Prologue

Creative Commons License
Waking up after a loss by Manasi is licensed under a Creative Commons Attribution-Noncommercial-No Derivative Works 3.0 United States License.

Prologue

Manasi awoke with a start; how long had he been out?  Clone jumping normally lasted a very short amount of time, always wrapped in blackness.  But this was different blackness.  Thoughts flooded his mind; his old CEO, CFO, and COO had all perished unexpectedly, with no clones, and pain enveloped him.  Then a thought, he leaned over to a technician in the clone bay.

“Excuse me, ma’am,” tears for his fallen members at the corners of his eyes.

“Yes?”  she replied.

He said, “Sorry for the nature of this question, but what year is it?”

A wonderful smile greeted him and she laughed, “You silly, the year is 1107.”

“1107?”  His mind reeled.  Three and a half years in the clone vat lay before him, lost.  Despondent, he asked the technician her name.

“My name is Marisa and if there isn’t anything else I have to help someone else.  There are large battles happening and several more clones were just activated.”  She winked.  “Don’t worry about the tears.  I cannot imagine facing death so many times.”

Manasi laughed.  “Worry about the tears?”  Laughter flowed out continuously.  “That’s how I know I am alive, Marisa.  That’s how I know I am alive.”

Just as he was finished getting dressed, he asked, “It is still legal to ask someone out for coffee?”

She stammered.  “Well, we normally we see so many rookies we are told to avoid social situations…”

Manasi laughed, “Do I look like a rookie to you?”

“No, no…  You don’t.  Meet me down the promenade when you’re done checking your ships out.”

He wondered and then realized that most people she met ran down to the hangar bay.  He pulled his jacket on and tapped his wrist.  “23:00 is good for you?”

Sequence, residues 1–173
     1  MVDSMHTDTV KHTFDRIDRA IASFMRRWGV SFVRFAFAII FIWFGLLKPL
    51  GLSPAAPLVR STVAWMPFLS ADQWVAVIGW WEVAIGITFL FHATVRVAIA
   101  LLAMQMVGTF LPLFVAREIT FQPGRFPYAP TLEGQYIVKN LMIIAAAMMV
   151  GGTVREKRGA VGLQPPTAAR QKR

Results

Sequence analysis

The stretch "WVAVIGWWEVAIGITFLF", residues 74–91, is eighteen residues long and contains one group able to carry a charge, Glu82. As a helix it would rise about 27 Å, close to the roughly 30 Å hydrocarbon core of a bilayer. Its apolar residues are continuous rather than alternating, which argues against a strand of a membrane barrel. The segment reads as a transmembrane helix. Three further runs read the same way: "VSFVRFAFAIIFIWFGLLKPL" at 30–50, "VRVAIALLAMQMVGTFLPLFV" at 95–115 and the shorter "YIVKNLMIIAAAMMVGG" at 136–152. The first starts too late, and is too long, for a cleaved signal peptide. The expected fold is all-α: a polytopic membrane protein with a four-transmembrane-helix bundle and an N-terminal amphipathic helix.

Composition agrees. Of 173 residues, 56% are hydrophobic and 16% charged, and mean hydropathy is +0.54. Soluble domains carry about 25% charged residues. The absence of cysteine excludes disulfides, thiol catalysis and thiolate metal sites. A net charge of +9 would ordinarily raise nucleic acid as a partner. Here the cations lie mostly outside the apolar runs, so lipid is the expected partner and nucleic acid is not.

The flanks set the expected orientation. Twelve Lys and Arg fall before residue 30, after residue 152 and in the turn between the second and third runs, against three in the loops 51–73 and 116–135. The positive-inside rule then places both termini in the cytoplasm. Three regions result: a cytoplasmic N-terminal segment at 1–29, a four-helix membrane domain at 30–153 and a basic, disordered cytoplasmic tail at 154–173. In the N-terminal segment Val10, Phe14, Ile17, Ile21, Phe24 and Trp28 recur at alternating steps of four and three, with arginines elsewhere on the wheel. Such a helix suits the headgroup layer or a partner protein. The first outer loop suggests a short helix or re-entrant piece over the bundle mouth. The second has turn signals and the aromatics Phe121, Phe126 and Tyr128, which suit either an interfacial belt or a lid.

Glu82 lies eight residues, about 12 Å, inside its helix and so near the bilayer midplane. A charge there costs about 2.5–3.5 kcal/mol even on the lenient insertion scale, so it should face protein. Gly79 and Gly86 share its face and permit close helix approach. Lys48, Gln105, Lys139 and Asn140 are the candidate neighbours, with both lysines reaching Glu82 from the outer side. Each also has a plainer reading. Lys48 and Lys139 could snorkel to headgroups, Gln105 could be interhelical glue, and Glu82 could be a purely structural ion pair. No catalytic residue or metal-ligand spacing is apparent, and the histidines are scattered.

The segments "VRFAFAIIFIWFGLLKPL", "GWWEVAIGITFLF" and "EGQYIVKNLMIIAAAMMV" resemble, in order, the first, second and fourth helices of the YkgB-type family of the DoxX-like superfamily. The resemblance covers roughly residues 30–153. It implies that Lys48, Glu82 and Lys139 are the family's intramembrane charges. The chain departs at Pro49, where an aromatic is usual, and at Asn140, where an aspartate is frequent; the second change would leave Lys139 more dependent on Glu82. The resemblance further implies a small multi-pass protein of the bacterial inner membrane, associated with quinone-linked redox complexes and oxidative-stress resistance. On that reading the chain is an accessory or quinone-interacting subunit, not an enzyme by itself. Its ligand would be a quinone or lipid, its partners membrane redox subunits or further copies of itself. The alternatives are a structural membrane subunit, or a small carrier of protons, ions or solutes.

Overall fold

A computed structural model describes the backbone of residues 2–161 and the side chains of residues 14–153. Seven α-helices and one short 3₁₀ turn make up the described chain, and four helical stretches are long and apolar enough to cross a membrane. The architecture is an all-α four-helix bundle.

She replied, “Sure thing, but you’re paying.”

“No problem,” he said.  “See you then.”

Manasi realized he had to check on his possessions.  As he walked to the lift to go down to his ship he wondered what he would have available.  He stopped on the medical bay floor without realizing it.  He walked over to the machine and checked his clone; a Lambda clone?  Weird, he wondered if he would need to upgrade it soon and realized that while he was out lots had changed.

He toggled the help and asked a picture on the screen, “I was wondering what happened to me and why I was out for so long?”

The computer responded, “There was an incredibly high degree of serotonin in your clone the last time you jumped, so we placed you in stasis until it dissipated.”

“How long ago did it dissipate?” Manasi asked.

The computer responded, “Three years, five months and twelve hours.”

“So why was I out so long then?” he asked, his temper staring to flare.

“There was a glitch in the system and your clone remained in stasis.  We only fixed the error yesterday so we reactivated your clone,” responded the computer.  “We upgraded your clone to Lambda as a way of repayment.”

“Fine,” he growled under his breath.  He toggled the switch off.  This was not the way he wanted to come back: three years gone; old friends gone; all he knew, fast forwarded without him.  A thought crossed his mind and he toggled the communicator.

“Jeffrey, are you there, bro?”  He waited.  Jeffrey had been his last crew chief and a better mechanic he didn’t know.  He hoped he was still alive.

The communicator at his wrist chirped.  ”Well, well, thought you’d been dead and gone these last few years.”

“Might as well have been” he replied.  “If you’re near Tash-Murkon, Paye System, The Imperial Academy School at 23:00 maybe I can find out what all has changed.”

Jeffrey replied, “Hell yes, I’m there…umm, you buying?”


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